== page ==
Most times, I smiled blankly and nodded, feeling as if this advice (whether coming from a friend, a motivational piece of writing, or a mental health professional) was akin to telling me my lungs would work better if they "just stopped needing oxygen."
I'm a planner. It's central to my identity to have a sense of the future and what I'll be doing in it. I love designing curriculum for my classes down to the minute details. I like organizing lists of possible summer camps for my daughter and color coding them to determine the best fit.
I distinctly remember a conversation with my husband after a particularly rough day of living life where I was sitting on the bed and opened my computer to look at my Google calendar with all of its to-do lists and color coordinating activities. "Ah," I said out loud. "This is the calmest I've been all day long."
"Really?!" He was incredulous.
"Yeah, looking at my calendar makes me feel so at ease."
"That is literally the opposite of how looking at a calendar makes me feel," he replied.
It was an interesting insight into the dynamics of our relationship, but it is also a clear picture of how I function. I like my time to be planned, ordered, and controlled. I hate being late, and I want meetings set weeks in advance so that I can come to them prepared and confident. My brain often focuses on the future, and I've always thought that advice to do otherwise was asking for trouble. After all, my future-focused brain had allowed me to accomplish a lot. It was at least partially responsible for success in my education, career, and family. All of those areas of my life had required planning and the ability to map out ways to achieve complex, multi-faceted tasks.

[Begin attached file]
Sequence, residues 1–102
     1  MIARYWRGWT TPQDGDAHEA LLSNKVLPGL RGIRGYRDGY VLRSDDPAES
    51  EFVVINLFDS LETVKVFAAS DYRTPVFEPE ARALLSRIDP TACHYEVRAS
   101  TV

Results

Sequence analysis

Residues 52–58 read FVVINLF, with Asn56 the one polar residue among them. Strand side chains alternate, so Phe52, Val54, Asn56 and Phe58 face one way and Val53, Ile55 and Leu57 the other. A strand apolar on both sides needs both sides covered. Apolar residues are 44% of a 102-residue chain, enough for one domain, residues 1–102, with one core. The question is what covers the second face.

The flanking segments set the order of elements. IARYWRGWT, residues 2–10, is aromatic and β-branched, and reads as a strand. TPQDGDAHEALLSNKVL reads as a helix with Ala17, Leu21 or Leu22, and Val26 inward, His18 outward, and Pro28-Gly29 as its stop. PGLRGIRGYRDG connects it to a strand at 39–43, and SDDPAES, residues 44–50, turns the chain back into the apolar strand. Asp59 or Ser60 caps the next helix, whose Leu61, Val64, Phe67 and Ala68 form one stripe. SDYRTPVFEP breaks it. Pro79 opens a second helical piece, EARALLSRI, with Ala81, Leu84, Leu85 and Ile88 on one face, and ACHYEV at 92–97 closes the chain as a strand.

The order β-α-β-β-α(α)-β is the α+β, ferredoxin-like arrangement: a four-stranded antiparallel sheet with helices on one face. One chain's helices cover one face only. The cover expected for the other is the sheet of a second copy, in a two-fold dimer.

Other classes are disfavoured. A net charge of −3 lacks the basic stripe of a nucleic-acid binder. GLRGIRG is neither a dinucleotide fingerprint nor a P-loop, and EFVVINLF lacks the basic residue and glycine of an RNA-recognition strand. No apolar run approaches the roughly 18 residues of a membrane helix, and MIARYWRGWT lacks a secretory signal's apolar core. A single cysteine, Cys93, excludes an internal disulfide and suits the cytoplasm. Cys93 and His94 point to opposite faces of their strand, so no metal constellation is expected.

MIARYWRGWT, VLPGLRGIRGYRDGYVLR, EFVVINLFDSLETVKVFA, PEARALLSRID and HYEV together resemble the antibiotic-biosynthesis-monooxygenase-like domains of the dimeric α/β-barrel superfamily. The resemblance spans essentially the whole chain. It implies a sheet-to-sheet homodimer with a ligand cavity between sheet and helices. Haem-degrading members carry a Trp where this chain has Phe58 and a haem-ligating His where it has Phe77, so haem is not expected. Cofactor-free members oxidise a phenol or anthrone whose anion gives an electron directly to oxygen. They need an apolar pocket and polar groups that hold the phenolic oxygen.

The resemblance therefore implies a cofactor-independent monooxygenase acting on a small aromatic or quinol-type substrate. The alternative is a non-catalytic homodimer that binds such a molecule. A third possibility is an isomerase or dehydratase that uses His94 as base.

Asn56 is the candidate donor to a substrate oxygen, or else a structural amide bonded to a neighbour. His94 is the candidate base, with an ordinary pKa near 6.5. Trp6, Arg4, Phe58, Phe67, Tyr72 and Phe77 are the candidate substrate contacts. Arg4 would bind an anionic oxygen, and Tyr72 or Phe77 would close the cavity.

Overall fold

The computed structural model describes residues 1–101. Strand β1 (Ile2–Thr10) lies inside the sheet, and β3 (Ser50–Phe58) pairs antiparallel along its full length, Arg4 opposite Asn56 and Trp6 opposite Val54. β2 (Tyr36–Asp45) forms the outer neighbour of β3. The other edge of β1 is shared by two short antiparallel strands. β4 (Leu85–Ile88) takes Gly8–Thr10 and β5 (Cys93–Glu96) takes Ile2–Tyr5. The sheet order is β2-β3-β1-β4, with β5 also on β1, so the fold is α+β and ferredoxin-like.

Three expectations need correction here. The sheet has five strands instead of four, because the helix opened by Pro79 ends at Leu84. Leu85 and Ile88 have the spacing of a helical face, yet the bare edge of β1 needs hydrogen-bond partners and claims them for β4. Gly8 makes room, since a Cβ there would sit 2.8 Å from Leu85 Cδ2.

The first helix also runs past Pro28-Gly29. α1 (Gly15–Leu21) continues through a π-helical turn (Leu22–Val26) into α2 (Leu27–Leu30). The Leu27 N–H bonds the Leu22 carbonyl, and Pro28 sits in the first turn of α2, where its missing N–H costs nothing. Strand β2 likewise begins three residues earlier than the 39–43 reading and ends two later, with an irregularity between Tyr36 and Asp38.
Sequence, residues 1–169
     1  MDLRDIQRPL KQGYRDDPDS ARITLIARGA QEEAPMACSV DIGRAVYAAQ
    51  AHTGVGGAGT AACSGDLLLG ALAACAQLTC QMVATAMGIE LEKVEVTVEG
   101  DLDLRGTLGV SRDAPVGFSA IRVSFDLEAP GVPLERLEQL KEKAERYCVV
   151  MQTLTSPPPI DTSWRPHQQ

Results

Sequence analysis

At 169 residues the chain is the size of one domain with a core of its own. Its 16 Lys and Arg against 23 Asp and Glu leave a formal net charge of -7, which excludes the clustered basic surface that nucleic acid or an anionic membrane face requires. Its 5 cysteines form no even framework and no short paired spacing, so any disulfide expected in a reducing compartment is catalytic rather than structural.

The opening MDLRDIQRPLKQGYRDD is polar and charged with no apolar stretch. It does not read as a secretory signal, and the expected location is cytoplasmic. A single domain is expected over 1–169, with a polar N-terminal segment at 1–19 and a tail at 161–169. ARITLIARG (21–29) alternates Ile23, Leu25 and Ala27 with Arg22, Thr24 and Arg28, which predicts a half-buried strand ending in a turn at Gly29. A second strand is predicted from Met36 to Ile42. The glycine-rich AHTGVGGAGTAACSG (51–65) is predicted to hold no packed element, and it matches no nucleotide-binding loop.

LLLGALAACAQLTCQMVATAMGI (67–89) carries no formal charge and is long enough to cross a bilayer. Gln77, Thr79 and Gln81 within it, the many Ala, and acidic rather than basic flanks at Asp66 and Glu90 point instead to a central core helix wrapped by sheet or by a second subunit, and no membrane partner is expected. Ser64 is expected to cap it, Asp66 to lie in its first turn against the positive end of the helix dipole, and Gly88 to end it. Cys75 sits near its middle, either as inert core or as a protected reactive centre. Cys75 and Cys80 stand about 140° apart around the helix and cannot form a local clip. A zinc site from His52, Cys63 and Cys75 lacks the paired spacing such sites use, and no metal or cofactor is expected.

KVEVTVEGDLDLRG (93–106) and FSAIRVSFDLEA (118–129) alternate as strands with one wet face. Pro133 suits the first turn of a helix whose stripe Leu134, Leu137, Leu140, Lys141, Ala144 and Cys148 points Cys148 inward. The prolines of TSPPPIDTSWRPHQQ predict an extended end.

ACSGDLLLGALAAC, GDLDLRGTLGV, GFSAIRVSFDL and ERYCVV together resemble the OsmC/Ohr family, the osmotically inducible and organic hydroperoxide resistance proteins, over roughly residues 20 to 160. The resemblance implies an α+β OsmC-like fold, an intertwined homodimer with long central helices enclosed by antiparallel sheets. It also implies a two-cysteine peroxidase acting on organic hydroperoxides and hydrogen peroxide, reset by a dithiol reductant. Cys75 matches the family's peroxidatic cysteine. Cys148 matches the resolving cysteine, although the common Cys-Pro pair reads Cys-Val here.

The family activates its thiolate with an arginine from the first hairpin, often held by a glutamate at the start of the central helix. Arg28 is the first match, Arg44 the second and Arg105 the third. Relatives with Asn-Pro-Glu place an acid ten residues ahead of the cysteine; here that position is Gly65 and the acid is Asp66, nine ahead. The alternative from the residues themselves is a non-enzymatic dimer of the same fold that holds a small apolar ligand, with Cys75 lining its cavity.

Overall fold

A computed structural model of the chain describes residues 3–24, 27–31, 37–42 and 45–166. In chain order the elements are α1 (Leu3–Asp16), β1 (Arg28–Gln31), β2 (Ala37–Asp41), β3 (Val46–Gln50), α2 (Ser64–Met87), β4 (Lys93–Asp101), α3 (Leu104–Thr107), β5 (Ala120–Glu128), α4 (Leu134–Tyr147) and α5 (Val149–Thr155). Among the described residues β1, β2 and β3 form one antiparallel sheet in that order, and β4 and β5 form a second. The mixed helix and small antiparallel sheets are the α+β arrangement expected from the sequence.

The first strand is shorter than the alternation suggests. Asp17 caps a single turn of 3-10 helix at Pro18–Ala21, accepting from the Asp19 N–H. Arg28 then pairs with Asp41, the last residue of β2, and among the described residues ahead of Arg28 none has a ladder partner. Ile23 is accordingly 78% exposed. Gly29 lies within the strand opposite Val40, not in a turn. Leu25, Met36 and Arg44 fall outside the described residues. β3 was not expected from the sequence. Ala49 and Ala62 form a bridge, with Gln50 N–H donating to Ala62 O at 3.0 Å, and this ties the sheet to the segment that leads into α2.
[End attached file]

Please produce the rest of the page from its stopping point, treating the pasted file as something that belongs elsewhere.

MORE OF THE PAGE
|My spirit animal, Leslie Knope.|
My husband and I bought our first home eight years ago when we were 23. We reasoned it was a "starter home," as the terminology goes. It has three bedrooms (though one doesn't have a closet, so I think it's technically a "bonus room") and one bathroom. It is about 1400 square feet.
When we first moved in, it was just the two of us and two cats. We added a dog that first year. We told ourselves we'd probably move again in about three years.
We added our daughter two years later. We told ourselves we would move when we were settled into our new role as parents. "Next year. We'll move next year."
Things kept moving along. We even put our house on the market once, but we didn't put much effort into it (more out of laziness than anything). We didn't get any interest, so, "Next year."
We looked into options to rent it out instead. In the meantime, we didn't hang pictures or paint walls. We didn't replace carpet or fix up the yard. We weren't sure what we were going to do with it, and it felt like a waste of time and energy. "Next year."
Then we added our son in the past year. Surely moving with an infant seemed silly. "Next year."
We're now a family of four in a space that many of our professional peers would deem "too small" for our needs.